Companies contemplating building logistics software in-house need to carefully assess the many ongoing costs involved, says Walt Heil, senior vice president of developed markets at Locus.
The threshold question for companies considering building their own technology to support final-mile strategy and goals is whether they have the requisite expertise in-house, Heil says. “Do you have the people, the resources operationally and technically, to support that kind of strategy? If you don't, you have to think about procuring them or you're going to have a resource deficit on your hands that could cause delays and cost overruns in your project.”
Since many companies don’t know if their personnel have the expertise required, they need to walk through the advantages and disadvantages of both approaches. They should be knowledgeable about best practices, and seek out examples of how others have dealt with the issue.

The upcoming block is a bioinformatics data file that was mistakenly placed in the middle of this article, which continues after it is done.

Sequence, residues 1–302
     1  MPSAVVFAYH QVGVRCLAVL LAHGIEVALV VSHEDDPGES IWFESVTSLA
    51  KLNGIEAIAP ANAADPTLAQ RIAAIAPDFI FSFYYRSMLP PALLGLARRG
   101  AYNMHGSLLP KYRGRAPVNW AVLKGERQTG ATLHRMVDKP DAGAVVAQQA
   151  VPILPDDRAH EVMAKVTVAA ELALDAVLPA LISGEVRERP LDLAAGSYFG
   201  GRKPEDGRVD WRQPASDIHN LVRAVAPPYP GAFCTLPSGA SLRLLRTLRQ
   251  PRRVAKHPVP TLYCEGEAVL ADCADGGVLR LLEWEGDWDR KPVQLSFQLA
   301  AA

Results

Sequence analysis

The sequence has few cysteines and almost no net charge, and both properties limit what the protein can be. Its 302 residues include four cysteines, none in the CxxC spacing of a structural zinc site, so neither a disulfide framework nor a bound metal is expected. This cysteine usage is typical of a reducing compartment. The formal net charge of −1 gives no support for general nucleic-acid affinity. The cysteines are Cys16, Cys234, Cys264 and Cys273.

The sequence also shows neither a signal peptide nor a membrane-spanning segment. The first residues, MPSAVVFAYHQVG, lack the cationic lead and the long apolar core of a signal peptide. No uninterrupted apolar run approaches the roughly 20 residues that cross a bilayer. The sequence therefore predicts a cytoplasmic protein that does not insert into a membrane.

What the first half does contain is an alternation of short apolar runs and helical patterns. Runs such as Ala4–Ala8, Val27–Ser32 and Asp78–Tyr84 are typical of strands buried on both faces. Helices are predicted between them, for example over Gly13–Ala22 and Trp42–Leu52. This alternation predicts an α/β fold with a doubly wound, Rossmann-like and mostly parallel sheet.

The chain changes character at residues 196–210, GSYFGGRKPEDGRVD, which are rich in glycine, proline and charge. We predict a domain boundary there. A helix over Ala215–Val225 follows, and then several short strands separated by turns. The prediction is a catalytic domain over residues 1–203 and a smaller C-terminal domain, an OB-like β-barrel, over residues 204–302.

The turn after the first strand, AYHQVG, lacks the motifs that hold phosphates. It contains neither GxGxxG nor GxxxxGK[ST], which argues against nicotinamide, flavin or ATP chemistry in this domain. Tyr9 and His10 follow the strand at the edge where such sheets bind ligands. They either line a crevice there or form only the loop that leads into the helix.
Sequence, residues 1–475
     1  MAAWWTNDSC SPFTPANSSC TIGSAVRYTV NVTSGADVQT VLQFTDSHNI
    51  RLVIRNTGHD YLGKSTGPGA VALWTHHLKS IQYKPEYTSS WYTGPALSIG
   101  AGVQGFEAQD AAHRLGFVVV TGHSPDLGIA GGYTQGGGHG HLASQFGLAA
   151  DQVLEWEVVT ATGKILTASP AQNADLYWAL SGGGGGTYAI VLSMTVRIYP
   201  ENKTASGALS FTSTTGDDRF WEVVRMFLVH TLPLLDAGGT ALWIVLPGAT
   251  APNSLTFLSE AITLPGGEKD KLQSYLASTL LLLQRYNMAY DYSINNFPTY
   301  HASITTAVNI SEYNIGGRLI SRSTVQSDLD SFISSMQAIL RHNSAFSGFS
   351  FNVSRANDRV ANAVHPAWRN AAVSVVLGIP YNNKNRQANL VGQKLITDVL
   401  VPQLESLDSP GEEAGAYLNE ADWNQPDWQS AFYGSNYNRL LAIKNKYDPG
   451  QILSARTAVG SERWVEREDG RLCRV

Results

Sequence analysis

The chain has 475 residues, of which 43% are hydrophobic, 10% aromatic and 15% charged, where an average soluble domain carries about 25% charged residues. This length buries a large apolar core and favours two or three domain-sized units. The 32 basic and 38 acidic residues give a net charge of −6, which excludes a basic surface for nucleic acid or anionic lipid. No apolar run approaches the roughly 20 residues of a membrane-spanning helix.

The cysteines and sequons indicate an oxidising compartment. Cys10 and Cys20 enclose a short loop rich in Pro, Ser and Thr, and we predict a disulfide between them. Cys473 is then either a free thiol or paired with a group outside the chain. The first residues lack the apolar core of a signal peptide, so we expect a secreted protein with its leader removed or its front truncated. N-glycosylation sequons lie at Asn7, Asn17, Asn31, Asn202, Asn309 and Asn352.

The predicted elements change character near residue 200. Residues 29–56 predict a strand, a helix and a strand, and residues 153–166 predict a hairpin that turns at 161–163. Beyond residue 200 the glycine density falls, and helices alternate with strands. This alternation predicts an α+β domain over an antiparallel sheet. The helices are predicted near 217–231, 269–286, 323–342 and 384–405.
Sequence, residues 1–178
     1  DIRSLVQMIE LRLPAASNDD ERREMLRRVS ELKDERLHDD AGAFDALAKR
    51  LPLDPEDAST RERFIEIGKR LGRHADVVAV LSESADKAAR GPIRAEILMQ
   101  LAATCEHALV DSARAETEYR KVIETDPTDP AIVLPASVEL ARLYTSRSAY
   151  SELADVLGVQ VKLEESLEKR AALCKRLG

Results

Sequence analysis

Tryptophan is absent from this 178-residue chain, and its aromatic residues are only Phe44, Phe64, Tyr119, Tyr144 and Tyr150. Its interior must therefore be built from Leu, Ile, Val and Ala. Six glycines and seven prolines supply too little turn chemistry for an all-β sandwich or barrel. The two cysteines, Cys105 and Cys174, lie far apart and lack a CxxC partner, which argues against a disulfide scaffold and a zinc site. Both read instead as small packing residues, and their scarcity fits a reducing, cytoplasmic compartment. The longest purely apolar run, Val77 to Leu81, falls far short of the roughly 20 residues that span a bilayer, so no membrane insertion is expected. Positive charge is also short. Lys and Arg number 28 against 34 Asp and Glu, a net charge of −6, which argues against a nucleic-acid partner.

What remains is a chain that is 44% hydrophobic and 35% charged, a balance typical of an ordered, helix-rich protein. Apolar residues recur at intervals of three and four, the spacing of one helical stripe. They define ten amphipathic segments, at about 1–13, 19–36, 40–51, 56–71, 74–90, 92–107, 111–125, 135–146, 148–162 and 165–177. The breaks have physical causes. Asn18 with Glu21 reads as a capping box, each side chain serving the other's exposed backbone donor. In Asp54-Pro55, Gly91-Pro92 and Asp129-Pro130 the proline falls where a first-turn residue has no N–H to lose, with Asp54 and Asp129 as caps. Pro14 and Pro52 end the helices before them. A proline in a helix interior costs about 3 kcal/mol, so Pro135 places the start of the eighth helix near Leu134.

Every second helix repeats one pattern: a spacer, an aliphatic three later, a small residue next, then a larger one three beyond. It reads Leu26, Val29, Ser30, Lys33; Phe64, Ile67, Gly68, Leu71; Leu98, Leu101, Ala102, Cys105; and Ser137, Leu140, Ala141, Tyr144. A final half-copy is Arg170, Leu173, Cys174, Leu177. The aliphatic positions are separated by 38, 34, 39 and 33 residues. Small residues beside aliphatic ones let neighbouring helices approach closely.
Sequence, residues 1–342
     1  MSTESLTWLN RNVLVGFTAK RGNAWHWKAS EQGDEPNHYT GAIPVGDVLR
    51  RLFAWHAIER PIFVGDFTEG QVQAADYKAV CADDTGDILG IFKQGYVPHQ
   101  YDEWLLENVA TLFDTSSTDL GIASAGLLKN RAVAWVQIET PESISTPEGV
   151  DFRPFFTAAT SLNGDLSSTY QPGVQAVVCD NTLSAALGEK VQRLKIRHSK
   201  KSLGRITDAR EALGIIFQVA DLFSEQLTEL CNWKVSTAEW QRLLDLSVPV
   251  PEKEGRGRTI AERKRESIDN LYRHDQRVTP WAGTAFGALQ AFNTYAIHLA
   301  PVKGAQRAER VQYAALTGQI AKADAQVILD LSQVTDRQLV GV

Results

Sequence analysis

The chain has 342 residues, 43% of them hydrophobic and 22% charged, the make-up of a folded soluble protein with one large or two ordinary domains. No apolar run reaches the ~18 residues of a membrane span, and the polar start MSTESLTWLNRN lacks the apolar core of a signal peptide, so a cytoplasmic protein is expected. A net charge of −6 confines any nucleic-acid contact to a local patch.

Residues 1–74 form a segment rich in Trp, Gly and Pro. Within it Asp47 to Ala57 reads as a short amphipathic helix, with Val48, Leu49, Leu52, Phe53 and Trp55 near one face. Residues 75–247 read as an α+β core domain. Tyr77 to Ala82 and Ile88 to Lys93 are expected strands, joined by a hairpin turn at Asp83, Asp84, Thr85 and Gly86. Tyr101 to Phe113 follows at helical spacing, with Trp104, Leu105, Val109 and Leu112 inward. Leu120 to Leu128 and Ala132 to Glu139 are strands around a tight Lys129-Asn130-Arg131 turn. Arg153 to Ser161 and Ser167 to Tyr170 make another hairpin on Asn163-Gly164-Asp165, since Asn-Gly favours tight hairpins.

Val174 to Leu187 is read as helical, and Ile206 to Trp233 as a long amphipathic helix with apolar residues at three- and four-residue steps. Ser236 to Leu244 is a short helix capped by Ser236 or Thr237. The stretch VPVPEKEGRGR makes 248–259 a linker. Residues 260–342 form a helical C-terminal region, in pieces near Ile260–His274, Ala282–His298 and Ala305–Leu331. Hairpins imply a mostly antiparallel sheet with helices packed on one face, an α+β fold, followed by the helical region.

“We articulate to them why others decided to go with a buy strategy over a build,” Heil says. Typically, examples are pulled from the experiences of companies in the same or similar business, but even those in completely different verticals can sometimes offer best practices applicable across the industry spectrum.
Time to value is another consideration, Heil says. “What is often overlooked when determining which approach better fits your organization is when you can have at least the first iteration of the software up and running in your operations. If you can wait 12 to 18 months, then maybe your expectation would fit a build strategy. There aren't a lot of companies today that can wait 12 to 18 months. They need time to value, they need return on investment in three to six months, sometimes maybe even quicker. You have to walk them through these matters.”
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